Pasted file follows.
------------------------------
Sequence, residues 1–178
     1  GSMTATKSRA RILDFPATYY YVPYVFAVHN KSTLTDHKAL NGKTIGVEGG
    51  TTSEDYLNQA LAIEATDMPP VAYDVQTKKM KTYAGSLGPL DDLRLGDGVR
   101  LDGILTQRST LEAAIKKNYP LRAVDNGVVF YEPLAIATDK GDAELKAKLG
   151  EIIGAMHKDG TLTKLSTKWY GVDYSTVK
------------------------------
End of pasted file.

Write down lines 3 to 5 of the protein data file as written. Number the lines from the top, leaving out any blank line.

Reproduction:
    51  TTSEDYLNQA LAIEATDMPP VAYDVQTKKM KTYAGSLGPL DDLRLGDGVR
   101  LDGILTQRST LEAAIKKNYP LRAVDNGVVF YEPLAIATDK GDAELKAKLG
   151  EIIGAMHKDG TLTKLSTKWY GVDYSTVK